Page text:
When the magnetic field H is generated by an original current i through a wire or another conductor, which is located in proximity to the Hall structure so that the magnetic field is normal to the plane of the Hall structure, then the measurement of the magnetic field H, in turn, can be used to determine the strength of the original current. An example is described in U.S. Pat. No. 5,017,804, issued on May 21, 1991 (Harnden et al., “Hall Sensing of Bond Wire Current”). For this measurement technique, it is advantageous to employ a null-measurement technique as described in U.S. Pat. No. 4,823,075, issued on Apr. 18, 1989 (Alley, “Current Sensor using Hall Effect Device with Feedback”).
The wire or conductor for the electrical current can be integrated into a semiconductor integrated circuit, which also includes an integrated Hall structure. An example of such integrated current conductor together with an integrated Hall structure has been published by R. Steiner et al.: “Fully Packaged CMOS Current Monitor Using Lead-on-Chip Technology”, Proc. Eleventh Ann. Internat. Workshop on MEMS (Micro-Electro-Mechanical Systems), 1998, pp. 603-608. Unfortunately, such integrated circuit systems fail to measure correct current values whenever the current i changes rapidly with time t. The rapidly changing magnetic fields dH/dt associated with high di/dt values induce strong eddy currents in any metal used to give mechanical and electrical support in the assembly of the semiconductor chip. These eddy currents, in turn, generate magnetic flux opposed to the original changing magnetic flux, diminishing the measured H values and thus the calculated i values.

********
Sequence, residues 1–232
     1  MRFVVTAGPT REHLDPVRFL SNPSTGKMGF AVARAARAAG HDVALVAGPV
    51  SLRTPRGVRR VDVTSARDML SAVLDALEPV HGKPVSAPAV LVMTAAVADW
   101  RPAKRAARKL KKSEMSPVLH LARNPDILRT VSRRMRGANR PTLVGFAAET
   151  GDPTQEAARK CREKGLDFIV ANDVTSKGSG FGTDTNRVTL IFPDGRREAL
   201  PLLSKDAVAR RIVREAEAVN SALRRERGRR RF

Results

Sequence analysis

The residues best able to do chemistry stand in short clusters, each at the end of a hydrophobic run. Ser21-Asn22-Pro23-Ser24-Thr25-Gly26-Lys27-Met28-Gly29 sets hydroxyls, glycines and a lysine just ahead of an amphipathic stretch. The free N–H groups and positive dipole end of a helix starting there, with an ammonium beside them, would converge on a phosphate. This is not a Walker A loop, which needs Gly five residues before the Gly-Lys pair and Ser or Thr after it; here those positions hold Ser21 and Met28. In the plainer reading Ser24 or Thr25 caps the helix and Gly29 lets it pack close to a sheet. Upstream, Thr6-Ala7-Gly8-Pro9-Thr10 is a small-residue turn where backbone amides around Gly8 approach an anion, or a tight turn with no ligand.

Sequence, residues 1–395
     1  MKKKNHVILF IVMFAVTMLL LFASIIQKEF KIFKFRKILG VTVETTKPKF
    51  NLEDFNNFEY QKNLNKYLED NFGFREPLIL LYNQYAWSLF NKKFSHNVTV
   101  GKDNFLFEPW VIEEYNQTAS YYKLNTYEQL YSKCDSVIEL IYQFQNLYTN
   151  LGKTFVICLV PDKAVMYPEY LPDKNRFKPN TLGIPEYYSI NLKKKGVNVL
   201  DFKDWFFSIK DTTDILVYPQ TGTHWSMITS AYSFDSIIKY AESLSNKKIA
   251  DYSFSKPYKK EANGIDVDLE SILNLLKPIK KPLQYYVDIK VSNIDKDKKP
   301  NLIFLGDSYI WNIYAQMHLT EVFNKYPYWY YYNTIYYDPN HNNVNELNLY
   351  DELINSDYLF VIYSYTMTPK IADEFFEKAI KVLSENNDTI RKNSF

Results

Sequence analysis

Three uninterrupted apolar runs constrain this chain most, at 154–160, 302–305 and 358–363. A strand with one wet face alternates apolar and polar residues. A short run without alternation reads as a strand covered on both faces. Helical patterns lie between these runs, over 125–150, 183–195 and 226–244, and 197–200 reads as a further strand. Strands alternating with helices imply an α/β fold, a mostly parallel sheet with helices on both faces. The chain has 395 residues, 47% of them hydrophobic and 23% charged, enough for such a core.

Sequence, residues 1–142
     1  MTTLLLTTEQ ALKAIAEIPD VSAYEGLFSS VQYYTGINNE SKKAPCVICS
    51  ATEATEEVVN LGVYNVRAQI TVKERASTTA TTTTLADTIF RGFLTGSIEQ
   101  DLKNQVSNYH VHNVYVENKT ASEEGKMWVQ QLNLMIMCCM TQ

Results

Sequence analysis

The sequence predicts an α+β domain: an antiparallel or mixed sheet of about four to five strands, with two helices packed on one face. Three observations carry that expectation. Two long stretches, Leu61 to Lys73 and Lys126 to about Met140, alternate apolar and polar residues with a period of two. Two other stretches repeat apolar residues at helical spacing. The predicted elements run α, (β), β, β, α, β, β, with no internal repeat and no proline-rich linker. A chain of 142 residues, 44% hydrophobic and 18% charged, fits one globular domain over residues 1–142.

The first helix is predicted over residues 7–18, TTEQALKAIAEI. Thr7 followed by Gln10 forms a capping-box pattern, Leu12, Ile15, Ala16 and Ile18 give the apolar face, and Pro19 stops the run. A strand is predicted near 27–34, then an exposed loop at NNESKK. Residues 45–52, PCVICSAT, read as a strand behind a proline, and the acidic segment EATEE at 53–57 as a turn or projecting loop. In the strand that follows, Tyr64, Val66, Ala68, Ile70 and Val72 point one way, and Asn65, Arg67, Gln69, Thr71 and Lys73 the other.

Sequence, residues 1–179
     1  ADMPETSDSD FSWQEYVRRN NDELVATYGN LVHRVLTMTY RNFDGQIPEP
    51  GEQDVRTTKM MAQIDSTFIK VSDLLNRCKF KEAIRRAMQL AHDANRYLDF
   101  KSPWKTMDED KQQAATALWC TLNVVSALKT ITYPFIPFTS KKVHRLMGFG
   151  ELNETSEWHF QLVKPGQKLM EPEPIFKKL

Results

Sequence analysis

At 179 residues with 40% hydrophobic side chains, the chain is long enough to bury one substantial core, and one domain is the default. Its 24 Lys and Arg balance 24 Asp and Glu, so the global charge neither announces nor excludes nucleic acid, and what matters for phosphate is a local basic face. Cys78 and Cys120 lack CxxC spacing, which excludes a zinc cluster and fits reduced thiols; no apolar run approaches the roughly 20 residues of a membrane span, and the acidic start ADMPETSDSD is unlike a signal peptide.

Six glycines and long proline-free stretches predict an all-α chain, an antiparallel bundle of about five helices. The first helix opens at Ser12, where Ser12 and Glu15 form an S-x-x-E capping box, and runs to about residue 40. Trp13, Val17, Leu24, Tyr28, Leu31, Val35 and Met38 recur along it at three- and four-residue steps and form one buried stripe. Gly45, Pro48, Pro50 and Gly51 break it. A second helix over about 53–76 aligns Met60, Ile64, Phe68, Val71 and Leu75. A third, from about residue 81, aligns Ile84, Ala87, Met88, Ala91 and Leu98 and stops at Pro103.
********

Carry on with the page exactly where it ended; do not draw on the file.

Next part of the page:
As a consequence, in applications in which it is important to follow high di/dt pulses as precisely as possible, the measurement of these rapidly changing currents results in erroneous amplitudes and is furthermore coupled with delays and losses.
An urgent need has therefore arisen to conceive a concept for a reliable, high-performance, yet low-cost structure and method of measuring the true value of rapidly changing electrical currents. Preferably, this method should be based on fundamental design concepts flexible enough to be applied for different semiconductor product families and a wide spectrum of process and assembly variations. No extra process steps should be required. The method should not only meet high electrical and information performance requirements, but should also achieve improvements towards the goals of enhanced process yields and device reliability. Preferably, these innovations should be accomplished using the installed equipment base so that no investment in new manufacturing machines is needed.